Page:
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feeds | grep links > Mozilla Messaging Rejoins Mozilla, New Music Industry Lawsuits Target the Labels, OpenStreetMap’s Faster and Easier Editor, and More

  • Mozilla Messaging rejoins Mozilla
    Ryan Paul at Ars Technica has the news that optimistically signals a re-commitment to exploring social messaging as well as continuing to support development of Thunderbird. Paul offers a couple of examples that equally hint at good and not-so-good possibilities for Thunderbird and other projects formerly under the separate Messaging organization. Time will tell whether this change will net one over the other but I certainly hope it means a re-invigorated development cycle at least for Thunderbird if not for other interesting efforts like Raindrop.
  • New lawsuits in the music industry, this time targeting the labels
    Mike Masnick at Techdirt has news of a new class action suit, initiated by the estate of Rick James and encouraged no doubt by a ruling on appeal in Eminem’s suit against Universal Music. As it happens, these suits are also a consequence of the changing landscape of music. Older contracts allow for a higher royalty rate for license, vs. sales. As the labels have maneuvered to have digital downloads treated more like licenses, restricting listener’s rights, this has opened the door for artists with those older terms to seek higher compensation, hoisting the labels somewhat by their own collective petards.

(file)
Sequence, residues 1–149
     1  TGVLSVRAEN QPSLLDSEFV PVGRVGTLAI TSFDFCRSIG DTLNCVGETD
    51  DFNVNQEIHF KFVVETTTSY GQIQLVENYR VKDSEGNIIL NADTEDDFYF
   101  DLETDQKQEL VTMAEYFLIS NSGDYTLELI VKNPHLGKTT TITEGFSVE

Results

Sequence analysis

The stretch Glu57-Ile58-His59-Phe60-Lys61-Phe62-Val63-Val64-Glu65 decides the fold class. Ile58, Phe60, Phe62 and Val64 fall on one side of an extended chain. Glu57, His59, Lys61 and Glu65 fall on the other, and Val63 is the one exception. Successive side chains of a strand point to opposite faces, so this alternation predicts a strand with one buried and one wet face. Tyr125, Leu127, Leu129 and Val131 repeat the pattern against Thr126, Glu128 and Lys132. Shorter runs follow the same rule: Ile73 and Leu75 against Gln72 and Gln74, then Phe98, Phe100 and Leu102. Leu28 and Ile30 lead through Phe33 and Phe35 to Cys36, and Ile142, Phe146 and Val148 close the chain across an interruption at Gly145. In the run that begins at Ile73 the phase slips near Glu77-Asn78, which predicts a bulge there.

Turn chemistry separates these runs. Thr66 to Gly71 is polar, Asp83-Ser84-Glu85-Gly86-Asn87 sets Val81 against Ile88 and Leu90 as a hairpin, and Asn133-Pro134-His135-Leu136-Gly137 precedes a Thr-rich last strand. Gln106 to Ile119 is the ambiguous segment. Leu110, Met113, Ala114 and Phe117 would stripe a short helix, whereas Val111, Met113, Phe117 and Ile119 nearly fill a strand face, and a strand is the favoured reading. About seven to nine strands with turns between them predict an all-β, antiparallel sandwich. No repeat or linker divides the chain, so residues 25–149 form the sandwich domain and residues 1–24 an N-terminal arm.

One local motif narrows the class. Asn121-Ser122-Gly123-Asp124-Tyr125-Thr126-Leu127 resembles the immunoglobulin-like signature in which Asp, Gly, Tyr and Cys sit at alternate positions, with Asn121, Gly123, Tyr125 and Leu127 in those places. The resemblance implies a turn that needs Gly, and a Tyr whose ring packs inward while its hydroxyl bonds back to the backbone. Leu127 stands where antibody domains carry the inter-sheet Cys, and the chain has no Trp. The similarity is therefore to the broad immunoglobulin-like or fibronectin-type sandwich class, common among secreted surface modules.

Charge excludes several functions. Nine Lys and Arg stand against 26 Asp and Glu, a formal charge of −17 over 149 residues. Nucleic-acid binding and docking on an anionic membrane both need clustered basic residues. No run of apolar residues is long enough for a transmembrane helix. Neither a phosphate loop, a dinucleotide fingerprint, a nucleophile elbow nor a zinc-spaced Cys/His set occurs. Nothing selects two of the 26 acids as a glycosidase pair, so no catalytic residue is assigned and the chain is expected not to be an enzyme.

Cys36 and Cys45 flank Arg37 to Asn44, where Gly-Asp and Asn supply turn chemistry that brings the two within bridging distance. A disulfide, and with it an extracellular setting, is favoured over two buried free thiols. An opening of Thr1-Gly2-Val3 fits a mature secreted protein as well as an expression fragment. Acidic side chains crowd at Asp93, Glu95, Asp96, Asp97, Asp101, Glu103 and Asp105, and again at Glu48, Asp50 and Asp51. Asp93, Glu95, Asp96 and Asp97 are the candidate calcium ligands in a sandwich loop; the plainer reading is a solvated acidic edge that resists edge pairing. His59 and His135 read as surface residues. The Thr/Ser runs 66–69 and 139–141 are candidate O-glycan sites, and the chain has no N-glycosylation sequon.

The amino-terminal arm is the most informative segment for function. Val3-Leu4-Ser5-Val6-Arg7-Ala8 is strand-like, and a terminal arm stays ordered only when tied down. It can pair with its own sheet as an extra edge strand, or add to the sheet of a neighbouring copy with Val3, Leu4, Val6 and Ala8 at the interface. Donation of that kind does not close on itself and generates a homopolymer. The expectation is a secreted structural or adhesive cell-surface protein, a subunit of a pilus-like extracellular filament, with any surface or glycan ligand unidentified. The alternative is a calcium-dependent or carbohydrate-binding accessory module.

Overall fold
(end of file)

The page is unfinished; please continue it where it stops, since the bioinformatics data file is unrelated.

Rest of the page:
• OpenStreetMap releases easier, faster map editing interface
    Marshall Kirkpatrick at ReadWriteWeb has the details of the culmination of several years of development work at the open, collaborative mapping project. As Kirkpatrick notes, the most likely direct benefit to the project is that it will make contributing easier and more pleasant, helping to scale efforts up even further.
  • FCC reboots as an open government platform, O’Reilly Radar
  • The biggest danger facing open source?, Slashdot
  • JavaScript passes Java in popularity, according to Open Source Knowledge Base, ReadWriteWeb

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The Command Line by Thomas Gideon
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